The Science Journal of the American Association for Respiratory Care

Symposium Papers

July 2002 / Volume 47 / Number 7 / Page 769

Positioning Versus Postural Drainage

James B Fink MSc RRT FAARC

Introduction
Gravity
Posture and Turning
Postural Drainage
      Practice to Evidence
      Postural Drainage Procedure
External Manipulation of the Thorax
Contraindications for Postural Drainage
Hazards/Complications
Role of Exercise
Summary
For the past 70 years positioning and postural drainage have played an important role in increasing lung volumes, perfusion, oxygenation and mobilization of secretions. While gravity is not a primary mechanism for normal secretion clearance, it plays a major role in depth and pattern of ventilation, perfusion, and lymphatic drainage. Changing patient position, or turning patients on a regular basis, is a powerful tool in maintaining lung health in a broad range of patients. In contrast, postural drainage requires considerable investment of time, and has been shown to have limited benefit in most patients. Postural drainage has been shown to improve mobilization of secretions in patients with cystic fibrosis as well as patients who produce, and have difficulty clearing, large quantities of sputum. The benefits of postural drainage appear technique-dependent, requiring sufficient drainage time (3-15 min) for each position drained. The evidence does not support the use of vibration and percussion independent of active postural drainage. Exercise offers benefit in secretion clearance, which increases when combined with a program of postural drainage. In conclusion, routine turning, mobilization and exercise is important to maintain lung health in all patients, while postural drainage, properly applied, has been shown to improve secretion clearance in a relatively narrow range of patients with cystic fibrosis and excessive sputum production.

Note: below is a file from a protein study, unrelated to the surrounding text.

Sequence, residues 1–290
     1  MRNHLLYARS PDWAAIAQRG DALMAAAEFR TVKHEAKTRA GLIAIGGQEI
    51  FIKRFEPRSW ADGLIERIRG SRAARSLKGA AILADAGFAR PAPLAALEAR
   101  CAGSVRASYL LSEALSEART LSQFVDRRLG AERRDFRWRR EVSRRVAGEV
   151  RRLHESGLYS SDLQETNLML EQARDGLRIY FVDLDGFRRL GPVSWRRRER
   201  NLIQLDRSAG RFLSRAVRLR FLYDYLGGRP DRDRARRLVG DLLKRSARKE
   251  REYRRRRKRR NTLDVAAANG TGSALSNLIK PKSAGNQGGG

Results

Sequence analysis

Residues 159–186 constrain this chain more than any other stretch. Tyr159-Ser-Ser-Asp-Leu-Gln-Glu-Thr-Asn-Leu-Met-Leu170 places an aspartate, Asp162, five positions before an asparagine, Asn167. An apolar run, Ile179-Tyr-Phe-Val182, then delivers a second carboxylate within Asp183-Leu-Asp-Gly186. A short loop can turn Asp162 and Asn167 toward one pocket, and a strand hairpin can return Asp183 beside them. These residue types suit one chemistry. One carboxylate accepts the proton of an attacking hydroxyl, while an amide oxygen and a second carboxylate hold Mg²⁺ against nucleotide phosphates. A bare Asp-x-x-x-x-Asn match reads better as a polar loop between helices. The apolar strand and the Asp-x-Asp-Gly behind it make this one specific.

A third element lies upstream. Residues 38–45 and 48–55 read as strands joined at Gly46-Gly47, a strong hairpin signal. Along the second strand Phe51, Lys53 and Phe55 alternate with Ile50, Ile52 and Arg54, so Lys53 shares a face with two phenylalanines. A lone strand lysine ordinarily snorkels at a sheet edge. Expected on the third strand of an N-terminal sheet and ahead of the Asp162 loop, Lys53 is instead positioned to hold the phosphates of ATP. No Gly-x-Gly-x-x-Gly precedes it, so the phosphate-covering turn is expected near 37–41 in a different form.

Key words: postural drainage, secretion clearance, chest physical therapy, cystic fibrosis.
[Respir Care 2002;47(7):769–777]

Introduction

Since the 1930s, clinicians have used gravity (by turning the patient) to increase lung volumes and oxygenation and to help mobilize secretions (via postural drainage). Low lung volume, ineffective cough, ventilation/perfusion mismatch, and thick secretions are commonly associated with pulmonary complications. Though postural drainage has become synonymous with secretion clearance in patients who have large volumes of secretions, there is a greater body of evidence supporting the therapeutic implications of mobilization and patient positioning for a broader patient population. This became evident to the team charged to develop the American Association for Respiratory Care's Clinical Practice Guideline on Postural Drainage. Consequently, that document expanded its scope beyond postural drainage, to include the therapeutic impact of positioning. In this paper I explore the practice of and the rationale and evidence for positioning and postural drainage in secretion clearance.

The entire text of this article is available in the printed version of the July 2002 RESPIRATORY CARE.

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